First off, as a reminder, we are not super rich-and-wealthy people. We shop at Safeway (like a lot of people.) Every once in a while, when we wanna really splurge on an out-of-country cheese (or odd produce articles like a celeriac root or cactus leaf), we will go to the “yuppy” Market. But 90% of our buying power has been at a chain grocery store (with occasional farmer-market additions.)
When we moved early this year from the far more “posh” of town to where we could get a bigger place still within our price range, we moved too from the posh neighborhood Safeway that had been my main base for over 15 years. As supply chains, and employment worsened we came to expect the assumed decreases in products and conditions of them at our new Safeway location. It was closer by a good 20 mins one-way, and juggling multiple jobs plus prepping and cooking an average of 12-14 meals a week for Charlie required all the time-saving we could make. The problem is, the produce — the bulk of Charlie’s meal contents — was coming in worse and worse condition.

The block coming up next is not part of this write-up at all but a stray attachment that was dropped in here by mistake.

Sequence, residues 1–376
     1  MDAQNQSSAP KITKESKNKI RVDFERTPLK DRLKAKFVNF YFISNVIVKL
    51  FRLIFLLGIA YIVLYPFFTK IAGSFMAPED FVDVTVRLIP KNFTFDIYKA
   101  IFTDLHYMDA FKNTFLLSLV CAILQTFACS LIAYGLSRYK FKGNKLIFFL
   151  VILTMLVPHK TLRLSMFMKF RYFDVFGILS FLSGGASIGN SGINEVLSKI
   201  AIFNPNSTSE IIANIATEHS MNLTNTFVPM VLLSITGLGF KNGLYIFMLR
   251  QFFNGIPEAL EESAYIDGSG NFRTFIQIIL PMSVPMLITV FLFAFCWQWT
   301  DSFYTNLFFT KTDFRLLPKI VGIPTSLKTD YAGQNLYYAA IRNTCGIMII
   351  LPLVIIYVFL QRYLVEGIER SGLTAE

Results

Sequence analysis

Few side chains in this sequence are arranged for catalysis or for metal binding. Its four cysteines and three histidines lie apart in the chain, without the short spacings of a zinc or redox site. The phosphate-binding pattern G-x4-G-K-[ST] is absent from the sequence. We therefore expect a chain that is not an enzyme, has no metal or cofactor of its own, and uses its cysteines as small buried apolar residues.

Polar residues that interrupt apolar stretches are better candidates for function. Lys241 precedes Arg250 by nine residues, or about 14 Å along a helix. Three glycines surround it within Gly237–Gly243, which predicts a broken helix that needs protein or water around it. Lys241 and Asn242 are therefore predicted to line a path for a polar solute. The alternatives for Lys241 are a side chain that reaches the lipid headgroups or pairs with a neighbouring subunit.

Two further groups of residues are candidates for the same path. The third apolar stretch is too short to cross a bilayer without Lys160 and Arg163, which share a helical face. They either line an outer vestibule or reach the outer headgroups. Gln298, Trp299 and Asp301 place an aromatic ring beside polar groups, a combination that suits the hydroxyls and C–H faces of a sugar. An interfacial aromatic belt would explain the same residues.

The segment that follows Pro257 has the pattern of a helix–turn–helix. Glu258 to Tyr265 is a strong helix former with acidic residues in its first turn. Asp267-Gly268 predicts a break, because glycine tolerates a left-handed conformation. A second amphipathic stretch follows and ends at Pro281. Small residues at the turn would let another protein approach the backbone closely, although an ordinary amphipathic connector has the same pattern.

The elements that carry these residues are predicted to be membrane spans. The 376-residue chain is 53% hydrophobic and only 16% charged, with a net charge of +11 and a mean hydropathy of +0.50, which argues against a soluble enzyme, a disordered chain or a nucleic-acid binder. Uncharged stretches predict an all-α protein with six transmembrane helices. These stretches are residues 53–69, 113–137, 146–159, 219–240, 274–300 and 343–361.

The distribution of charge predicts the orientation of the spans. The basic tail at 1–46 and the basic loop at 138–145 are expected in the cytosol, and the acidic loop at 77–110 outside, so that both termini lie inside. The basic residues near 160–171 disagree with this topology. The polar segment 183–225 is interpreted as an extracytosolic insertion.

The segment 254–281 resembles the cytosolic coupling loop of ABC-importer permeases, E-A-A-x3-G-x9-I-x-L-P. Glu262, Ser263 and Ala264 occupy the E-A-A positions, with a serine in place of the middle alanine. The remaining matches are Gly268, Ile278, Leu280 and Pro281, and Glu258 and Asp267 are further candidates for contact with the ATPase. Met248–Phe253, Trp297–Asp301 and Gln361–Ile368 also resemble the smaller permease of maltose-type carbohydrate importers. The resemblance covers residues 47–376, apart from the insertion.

…We thought the supply chain was not only stripping the amount of food (large bins empty week to week with last-minute pivots to ingredients needed on-the-spot), but also the age of the veggies once they got home. 1/4 a pre-bag-allotment of mini sweet peppers would be soft or already turned. Three carrots out of a bag of large carrots were already rotted. Fresh green beans were 1/3 unusable from the pre-weighed-out bag. It would take forever to find one or two onions that weren’t squishy, celery would go limp within days regardless of the storing in water trick, citrus was half the size it should be, the tomatoes were off even while in season, and often we’d have to sub out for Organic, pre-packed, or frozen options to get things like cauliflower at all.
…In short, the waste of food (and money) was adding up, but we assumed this was what everyone was experiencing.
…Until we needed to go searching for Celeriac root.